China unmoved over deal tampering, hell-bent on owning freehold land in Sri Lanka despite government’s persuasion

Despite reports that work on Sri Lanka’s controversial Colombo Port City project is expected to recommence around February 2016, the China Harbour Engineering Company Ltd (CHEC) says that work would only resume in full throttle by September or October next year.

The CHEC, which is involved in the construction of the Port City earlier, stated that the project would take off in February next year.

However, an official at the CHEC in response to an email query by Nation said that a considerable time period was needed to remobilize a project which is large as this.

In addition, the official pointed out that the South West monsoon period which begins around April would make it difficult for them to construct the breakwater.

“Without the breakwater, it is impossible for us to protect the sand reclamation,” the official said. “What this all means is that while we may be able to do some minor work once we are allowed to recommence, we do not foresee work going on full steam until September or October,” the official added.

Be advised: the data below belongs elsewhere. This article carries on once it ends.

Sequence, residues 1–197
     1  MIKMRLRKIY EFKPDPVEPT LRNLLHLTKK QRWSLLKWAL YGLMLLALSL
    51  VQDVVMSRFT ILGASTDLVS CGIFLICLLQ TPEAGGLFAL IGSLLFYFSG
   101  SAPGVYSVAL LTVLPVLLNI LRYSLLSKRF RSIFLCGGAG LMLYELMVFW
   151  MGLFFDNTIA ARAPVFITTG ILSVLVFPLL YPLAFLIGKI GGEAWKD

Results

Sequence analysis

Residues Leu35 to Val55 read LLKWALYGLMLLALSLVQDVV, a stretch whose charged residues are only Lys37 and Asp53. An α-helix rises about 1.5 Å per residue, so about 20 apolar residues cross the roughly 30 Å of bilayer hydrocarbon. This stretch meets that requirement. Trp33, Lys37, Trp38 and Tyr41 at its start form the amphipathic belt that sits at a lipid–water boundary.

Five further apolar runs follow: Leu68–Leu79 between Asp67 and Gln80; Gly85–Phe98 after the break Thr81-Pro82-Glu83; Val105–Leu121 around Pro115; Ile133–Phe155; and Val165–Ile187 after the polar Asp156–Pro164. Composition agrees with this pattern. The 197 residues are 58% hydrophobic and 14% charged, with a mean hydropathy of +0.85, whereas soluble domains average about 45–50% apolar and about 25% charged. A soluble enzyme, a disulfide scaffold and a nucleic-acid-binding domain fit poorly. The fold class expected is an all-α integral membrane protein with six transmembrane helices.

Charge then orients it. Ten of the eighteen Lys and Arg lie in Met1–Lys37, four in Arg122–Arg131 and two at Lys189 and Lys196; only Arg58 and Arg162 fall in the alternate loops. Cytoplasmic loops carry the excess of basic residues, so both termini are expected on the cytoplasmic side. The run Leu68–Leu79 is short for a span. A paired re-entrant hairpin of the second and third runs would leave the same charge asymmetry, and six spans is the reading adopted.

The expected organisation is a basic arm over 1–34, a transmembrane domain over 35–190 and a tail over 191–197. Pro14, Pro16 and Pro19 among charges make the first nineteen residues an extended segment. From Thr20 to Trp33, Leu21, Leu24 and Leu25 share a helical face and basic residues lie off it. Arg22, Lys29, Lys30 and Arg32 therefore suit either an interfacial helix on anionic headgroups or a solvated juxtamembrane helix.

In a recent report published by the South China Morning Post (SCMP), it was reported that the Sri Lankan Government had given the necessary clearances.

Finance Minister Ravi Karunanayake said the government had asked the Chinese project company to agree to a change in provision of freehold land into leasehold land to enable the project to resume.

“This is in accordance with the law of the land. Foreigners can’t own land in this country and everyone has to abide by it,” the Minister had told SCMP.

Initially, the CHEC would reclaim 233 hectares off Colombo coast. It would keep 108 hectares, including 20 hectares on a freehold basis and the rest on a 99-year lease. Sri Lanka would own the rights to the other 125 hectares.

However, the Chinese company last week contradicted the Minister’s claims stating that the provisions pertaining to the lease agreements. According to the company spokesperson, the CHEC continues to have 88 hectares on leasehold for 99 years and 20 hectares in freehold.

The Port City project was officially halted on March 8, after the government said it was reviewing the tender process pertaining to the project.

The CHEC claimed that it was incurring a loss of USD 380,000 (Rs. 50 million) on a daily basis owing to the stoppage of the project. When asked on the losses incurred and on the manner in which the company hopes to claim compensation, the official wished to remain non-committal since negotiations were still ongoing with the Government.

The Government recently released a Supplementary Environmental Impact Assessment (SEIA) report, which has been kept in eleven government institutions including divisional secretariats.

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